Finally, after months of failures and sagging popularity, the North State embarrassment known as Red, White and Blueprint appears dead in the water.
Cue the celebrations. Break out the champagne.
The most recent proof of RW&B’s demise happened last week when Recall Shasta, the entire point of RW&B’s existence, suffered a major blow when organizers submitted only enough petition signatures (still unvalidated) for a special election to recall District 2 Supervisor Leonard Moty. He was just one of three targeted supervisors. Recall Shasta fell short of having enough signatures in Supervisor Mary Rickert’s District 3, and Supervisor Joe Chimenti’s District 1.
The supposed concept behind the recall was to “take back Shasta County” from three “tyrannical” conservative, Second-Amendment-supporting Republican supervisors: Rickert, a career public servant and rancher, Moty, a retired police officer and former Redding police chief, and Chimenti, a retired police officer. Not exactly liberal snowflakes, but you wouldn’t know that to hear the Recall Shasta folks describe them.
In a fairly recent turn of highly unexpected events, Chimenti appears to have escaped the wrath of the recallers.
And then there were two.
Charitable folks might say, “Good for Joe!”
I say I smell a rat that we’ll examine more closely another day.
If you’re new to Shasta County, RW&B’s Episode 1 was rolled out with much fanfare on March 26, which, in Shasta County time, is like dog years on steroids. In its beginning, RW&B was described as a “10 Episode Journey to show you how to regain your constitutional freedoms.”
Six episodes down, four to go, if all goes as planned.
In reality, rather than showing how to regain constitutional freedoms, RW&B has subjected Shasta County to a front-row seat to chaos and blatant untruths. Since RW&B’s inception, death threats, some reported to the FBI, have been leveled against not just some out-of-favor supervisors, but county employees and others who didn’t agree with the RW&B’s demented mission to gut Shasta County government and replace it with a vague notion to “ensure a future in a free and open society.”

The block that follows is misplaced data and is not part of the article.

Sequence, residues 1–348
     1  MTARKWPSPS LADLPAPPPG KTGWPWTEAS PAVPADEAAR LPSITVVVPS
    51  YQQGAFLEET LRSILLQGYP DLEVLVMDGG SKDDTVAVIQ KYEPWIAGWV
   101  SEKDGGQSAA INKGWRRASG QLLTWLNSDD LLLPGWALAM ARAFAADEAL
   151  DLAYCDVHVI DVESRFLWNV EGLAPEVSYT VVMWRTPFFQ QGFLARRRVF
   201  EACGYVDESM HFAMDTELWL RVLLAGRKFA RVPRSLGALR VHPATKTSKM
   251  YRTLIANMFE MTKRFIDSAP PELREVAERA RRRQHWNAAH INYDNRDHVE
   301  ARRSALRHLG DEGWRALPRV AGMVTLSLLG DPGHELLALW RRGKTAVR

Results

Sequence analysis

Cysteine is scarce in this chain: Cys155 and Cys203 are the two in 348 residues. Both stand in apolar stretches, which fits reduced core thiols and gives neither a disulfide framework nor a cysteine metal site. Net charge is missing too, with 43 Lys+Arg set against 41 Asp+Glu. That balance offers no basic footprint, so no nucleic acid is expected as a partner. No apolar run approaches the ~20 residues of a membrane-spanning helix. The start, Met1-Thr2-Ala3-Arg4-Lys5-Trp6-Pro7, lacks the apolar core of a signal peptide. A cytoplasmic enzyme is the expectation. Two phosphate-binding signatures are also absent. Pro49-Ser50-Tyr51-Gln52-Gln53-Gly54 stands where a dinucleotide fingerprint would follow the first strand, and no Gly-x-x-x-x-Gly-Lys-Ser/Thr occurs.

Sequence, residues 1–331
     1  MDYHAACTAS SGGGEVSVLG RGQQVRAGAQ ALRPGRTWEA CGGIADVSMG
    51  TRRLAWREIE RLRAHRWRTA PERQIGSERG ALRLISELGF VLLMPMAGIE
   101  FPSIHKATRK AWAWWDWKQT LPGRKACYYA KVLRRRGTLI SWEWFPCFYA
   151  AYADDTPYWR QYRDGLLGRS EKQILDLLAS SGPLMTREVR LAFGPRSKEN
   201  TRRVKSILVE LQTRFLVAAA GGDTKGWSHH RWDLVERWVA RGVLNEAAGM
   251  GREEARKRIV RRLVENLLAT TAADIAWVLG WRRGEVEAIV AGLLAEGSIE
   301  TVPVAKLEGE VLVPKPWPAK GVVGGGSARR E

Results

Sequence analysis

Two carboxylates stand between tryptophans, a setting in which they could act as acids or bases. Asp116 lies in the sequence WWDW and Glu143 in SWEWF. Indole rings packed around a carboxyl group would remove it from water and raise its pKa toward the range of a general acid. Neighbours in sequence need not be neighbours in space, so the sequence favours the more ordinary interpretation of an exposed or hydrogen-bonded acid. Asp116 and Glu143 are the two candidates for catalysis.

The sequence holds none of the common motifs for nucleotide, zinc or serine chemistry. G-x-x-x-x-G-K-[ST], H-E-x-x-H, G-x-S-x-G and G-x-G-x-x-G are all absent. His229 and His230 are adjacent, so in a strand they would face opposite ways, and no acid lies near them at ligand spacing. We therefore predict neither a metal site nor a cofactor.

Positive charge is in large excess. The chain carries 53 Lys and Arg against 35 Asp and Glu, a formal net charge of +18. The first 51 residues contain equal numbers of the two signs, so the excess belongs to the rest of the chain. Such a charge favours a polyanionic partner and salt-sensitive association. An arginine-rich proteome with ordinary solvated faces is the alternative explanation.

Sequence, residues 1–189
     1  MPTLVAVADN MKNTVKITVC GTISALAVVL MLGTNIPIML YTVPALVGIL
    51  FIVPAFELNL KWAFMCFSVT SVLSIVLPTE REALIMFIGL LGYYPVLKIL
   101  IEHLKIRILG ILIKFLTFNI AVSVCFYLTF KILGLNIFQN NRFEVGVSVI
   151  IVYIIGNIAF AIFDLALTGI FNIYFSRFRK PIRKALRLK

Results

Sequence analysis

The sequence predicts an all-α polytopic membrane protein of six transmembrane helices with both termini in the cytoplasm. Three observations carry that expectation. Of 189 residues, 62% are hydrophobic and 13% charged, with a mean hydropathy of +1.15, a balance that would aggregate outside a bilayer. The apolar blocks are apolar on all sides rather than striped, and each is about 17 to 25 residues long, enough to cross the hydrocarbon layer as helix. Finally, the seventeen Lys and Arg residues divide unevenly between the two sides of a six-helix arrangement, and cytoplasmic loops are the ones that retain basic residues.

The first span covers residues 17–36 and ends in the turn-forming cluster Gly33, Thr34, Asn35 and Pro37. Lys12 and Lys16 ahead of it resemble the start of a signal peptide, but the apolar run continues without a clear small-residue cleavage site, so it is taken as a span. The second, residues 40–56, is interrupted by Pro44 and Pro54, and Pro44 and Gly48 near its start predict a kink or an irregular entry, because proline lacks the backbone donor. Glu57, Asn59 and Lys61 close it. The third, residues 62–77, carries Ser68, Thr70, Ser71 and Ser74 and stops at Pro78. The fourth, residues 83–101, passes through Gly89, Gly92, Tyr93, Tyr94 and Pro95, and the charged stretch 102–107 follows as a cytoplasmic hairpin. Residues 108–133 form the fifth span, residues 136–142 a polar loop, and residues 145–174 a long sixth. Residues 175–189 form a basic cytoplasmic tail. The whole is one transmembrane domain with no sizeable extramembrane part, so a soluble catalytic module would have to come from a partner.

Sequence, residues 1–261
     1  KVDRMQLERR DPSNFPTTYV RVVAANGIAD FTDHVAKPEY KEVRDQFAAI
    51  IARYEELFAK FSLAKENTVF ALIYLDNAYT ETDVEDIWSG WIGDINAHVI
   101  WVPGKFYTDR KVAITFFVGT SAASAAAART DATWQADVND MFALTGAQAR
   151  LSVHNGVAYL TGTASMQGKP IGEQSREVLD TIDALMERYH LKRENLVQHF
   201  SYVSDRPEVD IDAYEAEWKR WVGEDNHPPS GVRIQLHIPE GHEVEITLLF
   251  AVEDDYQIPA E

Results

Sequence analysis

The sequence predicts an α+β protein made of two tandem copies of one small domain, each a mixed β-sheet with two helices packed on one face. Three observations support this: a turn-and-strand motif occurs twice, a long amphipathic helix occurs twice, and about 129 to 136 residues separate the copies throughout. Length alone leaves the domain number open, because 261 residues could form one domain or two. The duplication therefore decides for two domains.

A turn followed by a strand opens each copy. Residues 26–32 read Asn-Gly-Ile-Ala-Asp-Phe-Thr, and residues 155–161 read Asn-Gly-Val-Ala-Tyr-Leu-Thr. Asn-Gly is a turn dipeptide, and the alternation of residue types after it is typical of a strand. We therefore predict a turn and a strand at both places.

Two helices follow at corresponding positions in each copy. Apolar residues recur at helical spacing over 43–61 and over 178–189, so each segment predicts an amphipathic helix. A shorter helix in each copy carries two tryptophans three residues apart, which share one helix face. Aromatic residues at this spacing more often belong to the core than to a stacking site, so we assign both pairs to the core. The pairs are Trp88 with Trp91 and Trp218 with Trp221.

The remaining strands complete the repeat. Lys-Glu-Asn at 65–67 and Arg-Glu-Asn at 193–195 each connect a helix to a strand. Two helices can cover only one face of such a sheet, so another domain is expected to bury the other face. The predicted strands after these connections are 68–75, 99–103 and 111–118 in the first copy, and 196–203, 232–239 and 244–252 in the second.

What makes that statement especially perplexing is that here in Shasta County, with one of the highest coronavirus numbers in the state, there has been zero enforcement of pandemic mandates. This is a point about which Supervisor Chimenti has bragged numerous times.
If it sounds as if I’m speaking of Zapata’s leadership role in the past tense, it’s because with each new RW&B episode, Zapata gets less and less air time, leaving lingering questions about who’s Red, White and Blueprint’s master draftsman.
One thing we do know is that Episode 1 inspired Redding comic Nathanial Pinkney to satirize the video, mocking Zapata, who claimed, quite unconvincingly, that he never wanted to be in the spotlight in the first place. Right. Pinkney created the made-up persona of patriot Buford White. Less than two months after Pinkney’s first satire video, Zapata, along with his former restaurant employee Elizabeth Bailey and her boyfriend Christopher Meagher, went to Pinkney’s place of employment and assaulted him.